• To always try to do situational practice; practice for what course you’re going to be playing on.

        • If you’re preparing for a tight course play the rough at your regular course as if it were unplayable trouble. Force yourself to pitch out if you land there so you can simulate that tournament course you have on your list.

      • To transition to a more elite level you have to continue to challenge yourself, even if you’re the best in your group.

      • Lots of tips on how to coach and train junior golfers and how to get them to focus.

        • Don’t think where anything is or if you picked the right club-just swing

      • Commit to what you’re doing way before it happens.

        • Make sure all decisions regarding the club selection and type of shot you’ll play are finalized before you address the ball.

      • Instead of being afraid to miss a shot, just hit the shot as best you can. If you miss, miss it because you’re trying to hit it well rather than just trying to get it around the green.

      • Nick’s method of breaking a slump is to address the problem directly and iron it out on the range.

      • The go to drill for Nick is simple 9 to 3 swings, or “power punches” as he calls them.

      • Nick’s parting piece of guidance: Always have a plan. Whether it’s practice or playing, have a specific goal for each activity so you know you get the most out of your time.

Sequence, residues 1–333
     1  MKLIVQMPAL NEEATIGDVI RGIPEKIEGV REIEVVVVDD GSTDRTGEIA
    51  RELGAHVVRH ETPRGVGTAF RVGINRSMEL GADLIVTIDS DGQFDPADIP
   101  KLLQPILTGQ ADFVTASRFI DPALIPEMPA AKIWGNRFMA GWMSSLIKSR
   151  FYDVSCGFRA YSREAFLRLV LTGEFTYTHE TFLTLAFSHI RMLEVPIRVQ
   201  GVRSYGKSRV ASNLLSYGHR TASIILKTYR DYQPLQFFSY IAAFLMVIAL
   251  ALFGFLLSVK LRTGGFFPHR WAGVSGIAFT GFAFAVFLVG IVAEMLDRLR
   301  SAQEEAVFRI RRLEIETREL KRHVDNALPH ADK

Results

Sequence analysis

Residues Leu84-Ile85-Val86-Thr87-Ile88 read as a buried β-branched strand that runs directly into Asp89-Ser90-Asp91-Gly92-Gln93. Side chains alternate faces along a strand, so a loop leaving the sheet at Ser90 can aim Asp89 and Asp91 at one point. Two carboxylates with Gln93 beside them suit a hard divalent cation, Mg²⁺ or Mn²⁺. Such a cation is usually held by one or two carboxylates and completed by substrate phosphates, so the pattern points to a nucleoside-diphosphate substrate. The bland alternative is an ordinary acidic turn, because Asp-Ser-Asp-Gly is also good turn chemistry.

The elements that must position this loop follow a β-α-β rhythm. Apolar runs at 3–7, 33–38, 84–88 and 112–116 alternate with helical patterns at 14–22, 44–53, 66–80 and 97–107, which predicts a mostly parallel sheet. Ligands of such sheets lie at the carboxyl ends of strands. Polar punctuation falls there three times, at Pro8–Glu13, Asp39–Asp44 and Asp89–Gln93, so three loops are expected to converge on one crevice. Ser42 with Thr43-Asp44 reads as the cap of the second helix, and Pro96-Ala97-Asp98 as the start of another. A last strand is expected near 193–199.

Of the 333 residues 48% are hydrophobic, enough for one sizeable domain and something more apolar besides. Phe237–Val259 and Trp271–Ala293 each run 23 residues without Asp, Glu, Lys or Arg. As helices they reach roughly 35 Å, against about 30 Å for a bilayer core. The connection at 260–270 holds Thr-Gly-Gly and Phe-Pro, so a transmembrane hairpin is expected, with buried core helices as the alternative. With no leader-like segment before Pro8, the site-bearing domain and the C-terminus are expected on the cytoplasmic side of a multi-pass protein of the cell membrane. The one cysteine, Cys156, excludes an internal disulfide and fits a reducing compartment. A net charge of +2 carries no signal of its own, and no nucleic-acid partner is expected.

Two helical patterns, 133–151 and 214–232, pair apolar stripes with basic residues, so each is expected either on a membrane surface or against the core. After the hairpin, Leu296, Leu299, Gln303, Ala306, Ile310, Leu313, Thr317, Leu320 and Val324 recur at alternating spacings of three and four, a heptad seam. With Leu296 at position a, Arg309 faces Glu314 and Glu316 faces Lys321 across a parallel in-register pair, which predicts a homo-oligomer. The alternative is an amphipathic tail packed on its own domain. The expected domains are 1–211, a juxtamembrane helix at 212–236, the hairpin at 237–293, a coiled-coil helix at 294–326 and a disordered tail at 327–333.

Jul 3, 2015

      If you're tired of sifting through YouTube clips and magazine suggestions that offer advice that just doesn't stick then Rotary Swing just might be for you!  After a life threatening injury Chuck Quinton created a simple way to build a golf swing from the ground up, and now has one of the largest online golf membership sites in the world.

      Golf swings built from the foundation up



      Chuck has helped over 227,000 golfers. His an iPhone app is the highest rated golf instruction app in the iTunes store. Chuck has sold thousands of copies of his books on Amazon. He’s helped people from all different skill ability sets, from PGA tour, Nationwide Tour, Euro Tour, just about every tour that you could probably think of. Chuck is also the founder of


      • Everybody makes mistakes and it’s really about managing those mistakes in the smartest way possible.